Christina Hoff Sommers is a scholar and an author and far smarter than me, so I’ll leave it at my vague impressions. But I will say that I would hate for women, particularly young women just starting out in their careers, to read her article and take from it that you must put on a facade and sacrifice work/life balance and family goals to be successful in science, or any other profession for that matter. I hope that we continue to work together to find ways that women can be as successful in their careers as men without giving up personal goals. Maybe that shouldn’t always dictate culture change; but let’s keep working on other possible solutions, because “being tough” gets us nowhere at all.
One of the most frequent questions clients ask me with regard to teambuilding is, “How do we create some new — or better — team norms? And how do we make them stick?”
Having clear, appropriate, agreed-upon behavioral norms is critical for effective teams; and the only way to make them stick is to ensure that they are generated by the team members themselves, and not imposed “from above”. I usually suggest the following as a process:
1. First, evaluate the explicit or implicit norms that may already be in place. Just because your team has never sat down to identify and record team norms before doesn’t mean they don’t already exist. Ask your teammates some general questions, such as:
- What kind of communication patterns do we exhibit?
- How do we resolve problems or deal with conflict?
- Who are the “go to” people on the team, and for what sorts of issues?
- Do we give feedback to each other? How?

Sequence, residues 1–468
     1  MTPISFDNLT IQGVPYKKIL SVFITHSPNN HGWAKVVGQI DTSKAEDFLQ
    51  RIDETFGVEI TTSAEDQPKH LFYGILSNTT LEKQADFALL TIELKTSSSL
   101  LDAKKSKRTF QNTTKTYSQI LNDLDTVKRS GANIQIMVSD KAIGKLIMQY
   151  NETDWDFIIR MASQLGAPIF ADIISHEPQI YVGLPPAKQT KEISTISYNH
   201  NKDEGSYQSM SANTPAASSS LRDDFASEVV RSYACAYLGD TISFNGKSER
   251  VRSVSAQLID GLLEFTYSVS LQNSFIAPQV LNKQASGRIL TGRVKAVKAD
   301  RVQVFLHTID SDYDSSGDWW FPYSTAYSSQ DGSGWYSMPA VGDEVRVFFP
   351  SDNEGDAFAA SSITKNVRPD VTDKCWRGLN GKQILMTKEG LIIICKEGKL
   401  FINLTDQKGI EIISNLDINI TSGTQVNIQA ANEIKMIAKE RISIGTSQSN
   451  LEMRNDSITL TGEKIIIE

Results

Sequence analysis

Asking these sorts of general questions may help you to identify specific norms that are already in place. Now you need to evaluate them. Are they effective? Are they producing the outcomes the team wants? Are they incentivizing desirable or undesirable work processes and individual behaviors?
2. Now ask yourselves, what’s missing or not working? What behaviors do we want to encourage that we aren’t encouraging now? How can we promote those behaviors? What behaviors do we want to discourage? What norms would be appropriate, given our goals?
3. A great way to tackle all this without succumbing to “group think” is to use post-it notes. Have team members write their suggested norms individually on post-it notes, one norm per note. Give them plenty of time to do this. Then have everyone post the notes on a wall, and walk around to read what others have posted. Eliminate duplicates, and then group the proposed norms by category (e.g. norms about communication, norms about power, norms about conflict, norms about office etiquette, etc.) Give each team member a certain number of dots that they can use to vote for their favorite norms. For example, if you have 35 proposed norms on the wall, each team member might get 10 dots. They can put multiple dots on one norm they believe is really important, or they can spread them out between 10 norms. Finally, collect all the data and discuss as a group. Does the voting reveal a final list of norms that you believe will best serve the mission, vision and values of the team? Or do you need to have some further discussion?
It helps a great deal to have a neutral facilitator to guide team members through this exercise. If a consultant is not an option, get someone from outside the team, perhaps from another team or department within the organization. If the team leader or manager acts as a facilitator, the risk is that team members will sacrifice candour for politics, or play guessing games about what the leader wants. Don’t forget, unless your team is new or very large, everyone will probably recognize each other’s handwriting on the post-it notes!